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Told Dyslexia Would Prevent Him Being a Teacher, Now Beverley Grammar School’s Edward Vickerman is Judging at National Teaching Awards


Source original article from the Hull Daily Mail by Trudi Davidson, Oct, 2013

Beverley Grammar School assistant headteacher, Edward Vickerman was told he would never achieve his dream of becoming a teacher because of his dyslexia. Mr Vickerman is proud to be a judge for this month’s annual awards, after scooping the outstanding new teacher title four years ago.

The 30-year-old, who joined Beverley Grammar School as an assistant headteacher last year, said the awards are a chance to put a spotlight on the good work done by teachers. He said: “I am a judge for the North of England. It’s really important the profile of teaching is raised and the awards are a rare opportunity for people to say thank you to teachers.

“For anyone to nominate a teacher is quite special. No one goes into this to be thanked, sometimes it is very challenging. The pay-off can be in weeks, months or years and those teachers can make a real difference.”Mr Vickerman is Business Studies teacher but was discouraged from going into the profession after being diagnosed with dyslexia as a child. He said: “I was told I would never be a teacher because of my dyslexia and was encouraged to look for alternative career paths. School didn’t work particularly well for me, I ended up going out on work experience once a week from Year 11 and did a degree in Hospitality.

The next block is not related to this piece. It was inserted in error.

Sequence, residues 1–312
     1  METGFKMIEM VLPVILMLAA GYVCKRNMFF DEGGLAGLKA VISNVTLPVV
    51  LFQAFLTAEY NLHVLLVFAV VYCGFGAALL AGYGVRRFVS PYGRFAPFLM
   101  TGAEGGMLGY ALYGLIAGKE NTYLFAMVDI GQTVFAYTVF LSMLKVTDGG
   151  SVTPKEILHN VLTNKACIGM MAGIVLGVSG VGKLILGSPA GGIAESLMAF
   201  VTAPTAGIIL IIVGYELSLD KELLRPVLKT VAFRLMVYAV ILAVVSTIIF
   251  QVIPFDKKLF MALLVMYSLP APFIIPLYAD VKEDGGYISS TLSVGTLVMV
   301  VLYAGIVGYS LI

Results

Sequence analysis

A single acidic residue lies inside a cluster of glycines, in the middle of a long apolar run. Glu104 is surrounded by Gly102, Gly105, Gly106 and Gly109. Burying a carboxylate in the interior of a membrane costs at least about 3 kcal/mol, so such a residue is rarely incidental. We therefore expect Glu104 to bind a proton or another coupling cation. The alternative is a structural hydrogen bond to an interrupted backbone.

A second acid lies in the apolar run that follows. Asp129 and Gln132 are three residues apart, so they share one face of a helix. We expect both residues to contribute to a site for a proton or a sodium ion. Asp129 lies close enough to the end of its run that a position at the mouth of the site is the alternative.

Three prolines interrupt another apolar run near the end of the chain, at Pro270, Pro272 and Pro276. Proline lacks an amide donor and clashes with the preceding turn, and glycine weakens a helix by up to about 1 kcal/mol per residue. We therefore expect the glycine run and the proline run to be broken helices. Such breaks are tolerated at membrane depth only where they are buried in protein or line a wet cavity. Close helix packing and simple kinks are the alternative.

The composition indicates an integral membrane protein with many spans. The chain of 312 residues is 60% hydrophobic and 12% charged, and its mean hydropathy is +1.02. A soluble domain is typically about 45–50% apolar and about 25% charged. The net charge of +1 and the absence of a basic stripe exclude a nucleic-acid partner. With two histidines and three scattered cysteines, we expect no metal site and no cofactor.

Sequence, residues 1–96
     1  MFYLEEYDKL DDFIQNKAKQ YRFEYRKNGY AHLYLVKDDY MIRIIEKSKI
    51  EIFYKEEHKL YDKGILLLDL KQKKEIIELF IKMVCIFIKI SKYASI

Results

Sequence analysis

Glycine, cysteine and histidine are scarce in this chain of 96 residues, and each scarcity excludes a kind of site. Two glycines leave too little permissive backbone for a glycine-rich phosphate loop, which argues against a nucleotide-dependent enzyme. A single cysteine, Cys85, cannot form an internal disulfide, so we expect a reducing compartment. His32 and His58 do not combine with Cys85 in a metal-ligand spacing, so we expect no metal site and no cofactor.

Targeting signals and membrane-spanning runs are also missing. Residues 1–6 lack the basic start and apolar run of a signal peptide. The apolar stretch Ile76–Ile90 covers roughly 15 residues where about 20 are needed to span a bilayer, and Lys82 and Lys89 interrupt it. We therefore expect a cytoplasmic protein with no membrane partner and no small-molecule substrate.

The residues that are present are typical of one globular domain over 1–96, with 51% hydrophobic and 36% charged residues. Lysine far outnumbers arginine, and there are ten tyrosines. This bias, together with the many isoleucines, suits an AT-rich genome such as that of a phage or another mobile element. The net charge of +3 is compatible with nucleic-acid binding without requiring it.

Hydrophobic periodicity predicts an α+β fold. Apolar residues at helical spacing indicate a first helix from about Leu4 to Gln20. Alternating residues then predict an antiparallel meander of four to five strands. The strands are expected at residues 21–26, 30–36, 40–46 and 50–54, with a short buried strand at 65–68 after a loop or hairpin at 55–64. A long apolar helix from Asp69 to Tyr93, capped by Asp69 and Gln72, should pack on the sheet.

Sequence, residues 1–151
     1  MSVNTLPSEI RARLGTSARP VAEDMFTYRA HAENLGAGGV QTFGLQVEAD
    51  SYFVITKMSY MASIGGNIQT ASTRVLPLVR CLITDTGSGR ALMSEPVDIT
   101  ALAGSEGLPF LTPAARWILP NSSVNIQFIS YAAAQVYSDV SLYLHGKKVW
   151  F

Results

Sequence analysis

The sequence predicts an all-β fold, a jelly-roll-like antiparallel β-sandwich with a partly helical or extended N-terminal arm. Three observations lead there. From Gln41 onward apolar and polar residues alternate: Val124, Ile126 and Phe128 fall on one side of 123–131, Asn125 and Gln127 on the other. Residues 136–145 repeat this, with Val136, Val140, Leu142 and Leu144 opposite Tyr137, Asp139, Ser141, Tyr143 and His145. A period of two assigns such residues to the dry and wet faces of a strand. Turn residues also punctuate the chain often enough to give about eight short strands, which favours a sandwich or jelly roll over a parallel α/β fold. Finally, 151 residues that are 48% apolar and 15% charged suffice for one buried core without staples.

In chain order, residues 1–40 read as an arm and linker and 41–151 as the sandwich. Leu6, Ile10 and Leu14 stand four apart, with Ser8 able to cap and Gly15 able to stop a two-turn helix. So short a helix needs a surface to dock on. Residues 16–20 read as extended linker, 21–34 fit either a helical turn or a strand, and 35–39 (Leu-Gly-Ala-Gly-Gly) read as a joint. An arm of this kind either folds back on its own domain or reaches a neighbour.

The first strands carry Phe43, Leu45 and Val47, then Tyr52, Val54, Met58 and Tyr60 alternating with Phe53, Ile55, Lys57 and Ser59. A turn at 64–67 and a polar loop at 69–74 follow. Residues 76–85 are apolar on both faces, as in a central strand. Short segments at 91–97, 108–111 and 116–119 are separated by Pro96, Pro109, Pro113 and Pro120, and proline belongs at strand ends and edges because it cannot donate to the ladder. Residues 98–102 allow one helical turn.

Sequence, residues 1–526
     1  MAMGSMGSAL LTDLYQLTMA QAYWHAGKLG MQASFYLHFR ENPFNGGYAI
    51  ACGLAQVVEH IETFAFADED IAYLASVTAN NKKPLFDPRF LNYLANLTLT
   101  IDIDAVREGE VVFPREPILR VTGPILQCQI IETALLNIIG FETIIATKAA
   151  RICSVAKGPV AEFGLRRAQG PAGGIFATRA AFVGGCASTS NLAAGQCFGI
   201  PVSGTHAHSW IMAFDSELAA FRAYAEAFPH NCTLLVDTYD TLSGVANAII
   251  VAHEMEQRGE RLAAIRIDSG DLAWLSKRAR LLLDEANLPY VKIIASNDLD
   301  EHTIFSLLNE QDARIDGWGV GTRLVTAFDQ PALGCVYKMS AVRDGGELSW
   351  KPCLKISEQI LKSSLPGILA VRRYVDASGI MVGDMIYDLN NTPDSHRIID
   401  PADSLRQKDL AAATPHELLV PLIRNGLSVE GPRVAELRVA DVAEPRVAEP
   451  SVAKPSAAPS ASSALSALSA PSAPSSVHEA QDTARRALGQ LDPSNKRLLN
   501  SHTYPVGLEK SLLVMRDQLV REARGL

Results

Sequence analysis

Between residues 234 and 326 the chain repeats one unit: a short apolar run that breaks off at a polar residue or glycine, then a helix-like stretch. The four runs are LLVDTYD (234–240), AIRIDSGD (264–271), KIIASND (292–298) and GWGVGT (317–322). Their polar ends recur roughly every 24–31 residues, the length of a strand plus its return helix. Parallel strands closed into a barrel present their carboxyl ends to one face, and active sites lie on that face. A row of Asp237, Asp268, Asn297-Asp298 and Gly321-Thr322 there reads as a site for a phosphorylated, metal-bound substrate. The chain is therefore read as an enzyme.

“Then I went back into school for a day, realised I did want to be a teacher and decided to find a training college to take me.”Mr Vickerman never looked back and won his award as an outstanding new teacher at his first school in West Yorkshire.

He said: “When I go into a classroom I tell the students only once that I am dyslexic, I have some difficulties in my spelling and sometimes in my reading but that is not a barrier. It has made me think outside the box and to find ways of using new technology to teach.”

In my work I meet many amazing teachers who are dyslexic. Being challenged by certain aspects of learning and literacy makes them divergent, understanding and strategic when it comes to assisting their students to find the way that they learn the best. I am not surprised that Edward Vickerman has won this award and now goes on to judge other teachers in his role as a judge. Who would have thought that teaching would be a chosen career for somebody with dyslexia, but remember with determination individuals can achieve their goals. Wishing you and your child every success.

Liz Dunoon

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